The religious influence in watchmaking - Pocket watch
The political and religious influence that prevailed in Europe from the fifteenth to the nineteenth century is no stranger to the heyday of the watch industry.
Watchmaking began in Switzerland, thanks to JEAN CALVIN, who, with his rules of austerity, which forbade any display of ostentation and wealth, especially in the wearing of jewelry, forced goldsmiths to survive by becoming humble and austere watchmakers.
The watchmaking industry incipiently Swiss, took advantage of the expulsion of the Huguenots from France in 1685 to offer them asylum in Geneva. Among those welcomed were a large number of outstanding French watchmakers who moved their workshops to Switzerland, bringing with them great capital and experience, and soon made Geneva the world capital of watchmaking.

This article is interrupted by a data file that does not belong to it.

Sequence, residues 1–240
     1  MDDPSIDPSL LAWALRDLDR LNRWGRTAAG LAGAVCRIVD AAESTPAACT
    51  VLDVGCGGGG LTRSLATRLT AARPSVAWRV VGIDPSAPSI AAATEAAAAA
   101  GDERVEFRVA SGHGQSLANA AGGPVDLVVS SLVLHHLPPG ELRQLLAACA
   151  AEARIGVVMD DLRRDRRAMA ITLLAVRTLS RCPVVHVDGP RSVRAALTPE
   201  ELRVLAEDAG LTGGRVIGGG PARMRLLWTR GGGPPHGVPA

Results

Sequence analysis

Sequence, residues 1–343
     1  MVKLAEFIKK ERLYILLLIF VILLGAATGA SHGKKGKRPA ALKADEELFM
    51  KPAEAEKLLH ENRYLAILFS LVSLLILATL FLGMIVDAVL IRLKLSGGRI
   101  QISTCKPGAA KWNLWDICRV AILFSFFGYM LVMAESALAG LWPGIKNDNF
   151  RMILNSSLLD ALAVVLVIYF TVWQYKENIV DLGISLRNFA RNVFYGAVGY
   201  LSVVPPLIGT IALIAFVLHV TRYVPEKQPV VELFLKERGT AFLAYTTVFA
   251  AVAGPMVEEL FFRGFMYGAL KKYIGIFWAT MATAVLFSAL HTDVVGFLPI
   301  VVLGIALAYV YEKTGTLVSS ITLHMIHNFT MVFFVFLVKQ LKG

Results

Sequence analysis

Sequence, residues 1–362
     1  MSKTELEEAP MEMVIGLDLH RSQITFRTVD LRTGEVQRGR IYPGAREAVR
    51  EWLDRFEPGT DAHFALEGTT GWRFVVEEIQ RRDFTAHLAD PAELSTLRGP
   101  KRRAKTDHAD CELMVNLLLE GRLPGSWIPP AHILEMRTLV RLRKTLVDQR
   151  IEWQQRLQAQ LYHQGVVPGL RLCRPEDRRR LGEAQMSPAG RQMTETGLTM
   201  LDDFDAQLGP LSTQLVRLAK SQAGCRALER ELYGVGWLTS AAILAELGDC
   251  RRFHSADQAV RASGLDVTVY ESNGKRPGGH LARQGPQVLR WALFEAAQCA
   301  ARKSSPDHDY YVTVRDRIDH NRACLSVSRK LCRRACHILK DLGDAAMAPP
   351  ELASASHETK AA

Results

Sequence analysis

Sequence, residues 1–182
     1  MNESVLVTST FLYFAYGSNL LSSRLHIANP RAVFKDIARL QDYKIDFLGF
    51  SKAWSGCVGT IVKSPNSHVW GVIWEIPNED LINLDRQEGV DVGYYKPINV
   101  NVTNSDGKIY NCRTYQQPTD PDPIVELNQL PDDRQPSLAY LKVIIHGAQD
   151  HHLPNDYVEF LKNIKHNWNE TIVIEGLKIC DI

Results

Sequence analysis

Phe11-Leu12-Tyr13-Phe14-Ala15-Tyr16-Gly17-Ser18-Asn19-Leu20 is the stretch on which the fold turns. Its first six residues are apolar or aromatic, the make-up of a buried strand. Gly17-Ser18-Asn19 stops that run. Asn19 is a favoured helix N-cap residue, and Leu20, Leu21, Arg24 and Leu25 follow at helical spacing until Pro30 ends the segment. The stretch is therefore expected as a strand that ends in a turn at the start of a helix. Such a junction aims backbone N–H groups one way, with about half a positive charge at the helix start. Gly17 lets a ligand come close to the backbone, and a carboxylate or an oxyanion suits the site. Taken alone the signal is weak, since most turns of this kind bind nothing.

Meanwhile, in England, around 1640, appeared the "Puritan Watch", a Pocket watch with a sober case and without any decoration, manufactured according to the principles of austerity and sobriety, typical of the dominant sect of "Puritans". Principles that reflect the severity of the rules imposed by OLIVER CROMWELL (1549-1660).
It is said that because of this persecution and in order to hide the watches, the first pockets appeared on the clothes. This would perhaps be the explanation for the appearance of the Pocket watch.
In France, Louis XIV prohibited the use of gold and precious stones during the war. This limitation, attributed to the need to contain the unbridled luxury of the Court, influenced, among other things, the goldsmiths and watchmakers, who were forced to make the cases of Pocket watches out of metal, as they lacked precious metals to work with.
With the "Edict of Nantes," which guaranteed Huguenots the same rights as Catholics, the waters began to flow again, and many of the watchmaking families who had once emigrated to Switzerland and Germany returned to France, quickly changing the future of the industry.